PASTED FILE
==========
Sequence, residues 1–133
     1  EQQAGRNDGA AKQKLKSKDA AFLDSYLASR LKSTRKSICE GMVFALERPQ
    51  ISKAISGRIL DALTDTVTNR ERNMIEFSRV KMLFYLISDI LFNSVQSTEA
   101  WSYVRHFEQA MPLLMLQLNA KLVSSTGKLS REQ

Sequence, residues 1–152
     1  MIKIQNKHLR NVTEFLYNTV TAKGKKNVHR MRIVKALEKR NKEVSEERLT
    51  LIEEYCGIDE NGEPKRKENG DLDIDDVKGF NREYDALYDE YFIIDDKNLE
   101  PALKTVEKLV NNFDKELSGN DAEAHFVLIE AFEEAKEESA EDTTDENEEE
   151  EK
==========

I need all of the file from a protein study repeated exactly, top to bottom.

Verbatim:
Sequence, residues 1–133
     1  EQQAGRNDGA AKQKLKSKDA AFLDSYLASR LKSTRKSICE GMVFALERPQ
    51  ISKAISGRIL DALTDTVTNR ERNMIEFSRV KMLFYLISDI LFNSVQSTEA
   101  WSYVRHFEQA MPLLMLQLNA KLVSSTGKLS REQ

Sequence, residues 1–152
     1  MIKIQNKHLR NVTEFLYNTV TAKGKKNVHR MRIVKALEKR NKEVSEERLT
    51  LIEEYCGIDE NGEPKRKENG DLDIDDVKGF NREYDALYDE YFIIDDKNLE
   101  PALKTVEKLV NNFDKELSGN DAEAHFVLIE AFEEAKEESA EDTTDENEEE
   151  EK